IMCA began working on its DP Practitioner Accreditation Scheme early in 2018 in response to an industry drive to improve consistency and conduct DP trials and at the same time set a recognised standard of knowledge for DP practitioners.
These practitioners are responsible for developing, witnessing and reporting of DP trials, and for the management of the DP assurance processes.
“The need to implement a standard approach and improve consistency was identified after a series of incomplete and inadequate DP trials resulted in errors and difficult conversations between DP vessel operators, clients and DP consultants”, says M3 Marine and IMCA Marine DP Committee member Joey Fisher. “The root cause of these issues seemed to be a lack of knowledge and experience.”
Joey Fisher (IMCA): “DP vessel operators and clients will benefit from the knowledge that the person charged with providing assurance during DP trials is accredited to a recognised level”
IMCA’s Marine Division Management Committee appointed a workgroup of DP experts from member companies to begin developing such a scheme. This workgroup pooled experience and worked together to create a scheme focusing on best practice. The scheme meets the requirements set by the Oil Companies International Marine Forum’s (OCIMF) recently published Dynamic Positioning Assurance Framework. It also sets revalidation requirements ensuring that DP trials practitioners and office-based personnel benefit by maintaining and increasing their knowledge base, effectively creating a scheme which supports all parties.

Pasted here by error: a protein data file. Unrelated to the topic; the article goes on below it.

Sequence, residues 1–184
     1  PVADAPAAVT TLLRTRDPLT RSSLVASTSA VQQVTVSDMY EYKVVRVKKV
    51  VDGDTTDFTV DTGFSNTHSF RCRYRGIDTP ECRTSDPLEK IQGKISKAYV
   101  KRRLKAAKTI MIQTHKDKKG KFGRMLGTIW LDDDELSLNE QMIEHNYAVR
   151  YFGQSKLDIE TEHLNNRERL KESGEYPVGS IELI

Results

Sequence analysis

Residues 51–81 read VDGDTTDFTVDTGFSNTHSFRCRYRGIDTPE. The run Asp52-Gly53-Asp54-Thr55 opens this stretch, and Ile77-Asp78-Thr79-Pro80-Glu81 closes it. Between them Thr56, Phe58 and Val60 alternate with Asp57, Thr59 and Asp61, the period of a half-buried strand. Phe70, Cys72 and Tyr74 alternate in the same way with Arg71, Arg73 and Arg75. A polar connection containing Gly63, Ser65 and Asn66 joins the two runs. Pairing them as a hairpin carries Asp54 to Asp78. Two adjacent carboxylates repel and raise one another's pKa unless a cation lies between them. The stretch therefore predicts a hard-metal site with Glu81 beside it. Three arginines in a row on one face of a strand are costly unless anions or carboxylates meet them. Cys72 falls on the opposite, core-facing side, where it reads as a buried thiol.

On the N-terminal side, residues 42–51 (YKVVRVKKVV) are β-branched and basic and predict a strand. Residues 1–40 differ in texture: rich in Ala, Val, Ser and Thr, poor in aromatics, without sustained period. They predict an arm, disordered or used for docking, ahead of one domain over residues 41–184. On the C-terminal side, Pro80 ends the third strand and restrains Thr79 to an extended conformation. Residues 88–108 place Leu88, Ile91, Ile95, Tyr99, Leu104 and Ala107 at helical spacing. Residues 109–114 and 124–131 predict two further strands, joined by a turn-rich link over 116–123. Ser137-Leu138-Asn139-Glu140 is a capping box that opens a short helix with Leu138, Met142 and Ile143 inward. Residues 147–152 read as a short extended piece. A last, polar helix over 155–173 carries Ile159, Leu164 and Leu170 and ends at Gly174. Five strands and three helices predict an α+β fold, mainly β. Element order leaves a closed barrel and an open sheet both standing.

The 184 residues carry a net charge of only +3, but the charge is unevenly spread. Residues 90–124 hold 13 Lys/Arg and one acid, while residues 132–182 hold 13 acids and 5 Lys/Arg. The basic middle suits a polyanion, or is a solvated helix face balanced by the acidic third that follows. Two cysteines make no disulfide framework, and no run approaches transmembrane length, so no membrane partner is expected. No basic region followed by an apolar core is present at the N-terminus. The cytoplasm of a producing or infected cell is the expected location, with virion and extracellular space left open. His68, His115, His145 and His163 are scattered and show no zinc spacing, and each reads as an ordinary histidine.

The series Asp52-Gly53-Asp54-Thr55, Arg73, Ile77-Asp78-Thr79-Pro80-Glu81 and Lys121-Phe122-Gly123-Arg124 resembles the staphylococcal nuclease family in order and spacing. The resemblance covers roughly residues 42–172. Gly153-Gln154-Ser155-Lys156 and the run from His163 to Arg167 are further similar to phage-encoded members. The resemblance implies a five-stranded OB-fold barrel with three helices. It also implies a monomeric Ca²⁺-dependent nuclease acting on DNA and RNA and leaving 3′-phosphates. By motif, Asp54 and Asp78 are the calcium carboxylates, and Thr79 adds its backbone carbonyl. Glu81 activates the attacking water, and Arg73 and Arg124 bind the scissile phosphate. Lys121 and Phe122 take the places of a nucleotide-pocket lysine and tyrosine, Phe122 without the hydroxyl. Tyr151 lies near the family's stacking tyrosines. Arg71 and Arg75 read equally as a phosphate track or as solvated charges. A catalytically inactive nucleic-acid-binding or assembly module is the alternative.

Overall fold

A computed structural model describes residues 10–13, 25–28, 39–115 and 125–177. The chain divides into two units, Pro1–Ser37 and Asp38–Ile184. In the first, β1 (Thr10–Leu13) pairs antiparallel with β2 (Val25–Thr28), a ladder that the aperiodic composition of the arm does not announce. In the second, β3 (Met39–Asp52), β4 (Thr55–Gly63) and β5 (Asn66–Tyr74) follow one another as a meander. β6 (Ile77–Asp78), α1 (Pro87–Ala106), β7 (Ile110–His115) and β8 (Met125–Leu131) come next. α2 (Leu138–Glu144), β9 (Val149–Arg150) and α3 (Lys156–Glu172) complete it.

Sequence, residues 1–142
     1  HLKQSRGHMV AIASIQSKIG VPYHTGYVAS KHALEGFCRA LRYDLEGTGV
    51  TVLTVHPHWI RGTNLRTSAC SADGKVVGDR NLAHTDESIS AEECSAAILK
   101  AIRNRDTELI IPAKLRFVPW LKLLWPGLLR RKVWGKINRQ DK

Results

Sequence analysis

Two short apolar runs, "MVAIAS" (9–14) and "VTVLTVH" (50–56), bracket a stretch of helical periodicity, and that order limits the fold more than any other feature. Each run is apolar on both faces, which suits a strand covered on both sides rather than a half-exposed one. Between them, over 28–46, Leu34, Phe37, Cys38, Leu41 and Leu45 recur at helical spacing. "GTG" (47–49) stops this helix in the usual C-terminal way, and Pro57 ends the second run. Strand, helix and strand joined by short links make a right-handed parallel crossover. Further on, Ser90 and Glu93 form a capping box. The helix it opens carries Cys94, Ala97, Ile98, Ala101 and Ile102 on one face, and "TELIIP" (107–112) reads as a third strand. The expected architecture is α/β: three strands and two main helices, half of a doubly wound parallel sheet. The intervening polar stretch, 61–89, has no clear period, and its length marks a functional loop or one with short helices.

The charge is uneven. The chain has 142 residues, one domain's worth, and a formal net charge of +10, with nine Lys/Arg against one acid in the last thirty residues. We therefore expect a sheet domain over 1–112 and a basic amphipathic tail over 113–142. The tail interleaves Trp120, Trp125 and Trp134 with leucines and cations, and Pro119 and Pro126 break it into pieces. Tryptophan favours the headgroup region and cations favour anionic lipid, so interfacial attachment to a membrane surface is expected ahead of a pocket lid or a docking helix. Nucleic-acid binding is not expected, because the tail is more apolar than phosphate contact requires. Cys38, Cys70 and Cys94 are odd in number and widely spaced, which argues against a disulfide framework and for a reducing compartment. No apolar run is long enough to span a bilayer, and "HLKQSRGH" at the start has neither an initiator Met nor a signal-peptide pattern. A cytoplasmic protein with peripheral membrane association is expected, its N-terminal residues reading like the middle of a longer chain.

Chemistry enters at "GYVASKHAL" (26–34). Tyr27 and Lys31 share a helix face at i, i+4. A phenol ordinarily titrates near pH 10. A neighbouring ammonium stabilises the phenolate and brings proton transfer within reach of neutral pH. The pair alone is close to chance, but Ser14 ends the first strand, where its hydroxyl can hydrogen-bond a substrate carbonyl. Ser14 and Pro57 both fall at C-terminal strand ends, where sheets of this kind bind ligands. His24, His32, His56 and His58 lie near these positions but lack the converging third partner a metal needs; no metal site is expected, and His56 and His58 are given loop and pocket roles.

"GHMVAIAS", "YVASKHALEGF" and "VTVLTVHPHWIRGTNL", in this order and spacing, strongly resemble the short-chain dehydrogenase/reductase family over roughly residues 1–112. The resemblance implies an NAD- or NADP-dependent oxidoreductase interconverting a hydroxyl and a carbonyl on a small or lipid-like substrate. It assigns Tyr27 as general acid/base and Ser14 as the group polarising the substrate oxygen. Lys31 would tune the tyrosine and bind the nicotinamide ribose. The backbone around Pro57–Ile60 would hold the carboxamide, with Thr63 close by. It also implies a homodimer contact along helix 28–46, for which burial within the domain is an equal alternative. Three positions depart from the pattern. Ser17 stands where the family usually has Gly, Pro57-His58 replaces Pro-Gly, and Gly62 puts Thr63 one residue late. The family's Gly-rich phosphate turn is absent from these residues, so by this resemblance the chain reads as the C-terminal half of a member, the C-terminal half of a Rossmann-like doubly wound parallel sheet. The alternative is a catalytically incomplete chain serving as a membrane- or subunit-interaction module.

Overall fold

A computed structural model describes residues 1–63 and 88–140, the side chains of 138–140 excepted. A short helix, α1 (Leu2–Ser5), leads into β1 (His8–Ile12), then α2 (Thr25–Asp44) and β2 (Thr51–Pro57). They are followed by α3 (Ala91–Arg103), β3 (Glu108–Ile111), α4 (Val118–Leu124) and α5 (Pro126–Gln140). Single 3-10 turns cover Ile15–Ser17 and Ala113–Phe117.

“Both DP vessel operators and their clients will now benefit in the knowledge that the person charged with providing assurance during DP trials and those managing DP operations in their own organisations are accredited to a recognised level”, says Mr Fisher. “Independent practitioners also benefit as they can achieve accredited status and become internationally recognised through the scheme.”
Since the launch of the scheme, IMCA has received a significant number of applications which are currently being processed and exam dates and locations have been set for the rest of 2019.
Safer and more reliable operations
A 25-year veteran of the marine and oil and gas industries, Graeme Reid joined IMCA as technical adviser – marine, in May 2018 to focus on the development of the DP Accreditation scheme, updating many of the key DP guidance documents, supporting IMCA’s technical seminar programme and implementing IMCA’s quality management system, which gained ISO accreditation in late 2018.
“The scheme is designed to assist learning from DP station-keeping events; it is not designed to track failure”
The guidance document, IMCA M190, is titled, “Guidance for Developing and Conducting DP Annual Trials Programmes”.
“It describes the development, conduct and management of DP Annual Trials programmes for all types of DP vessels equipped with DP systems meeting the requirements of IMO equipment classes 1, 2 and 3”, says Mr Reid. “These guidelines allow for testing to be undertaken at an annual DP trial, on an incremental basis over a defined period, or a combination of both. The intent of the guidance is to provide a piece of the jigsaw in the pursuit of safer and more reliable DP operations.”
IMCA is currently revising M190 for several reasons, says Mr Reid. “The first and foremost reason being the introduction of IMO MSC.1 Circular 1580, Guidelines for vessels and units with dynamic positioning systems,” he points out. “The IMO document was published in 2017 and replaced IMO MSC Circular 645 with a similar title. The revision brought in a number of new criteria that needed to be reflected in IMCA M190.”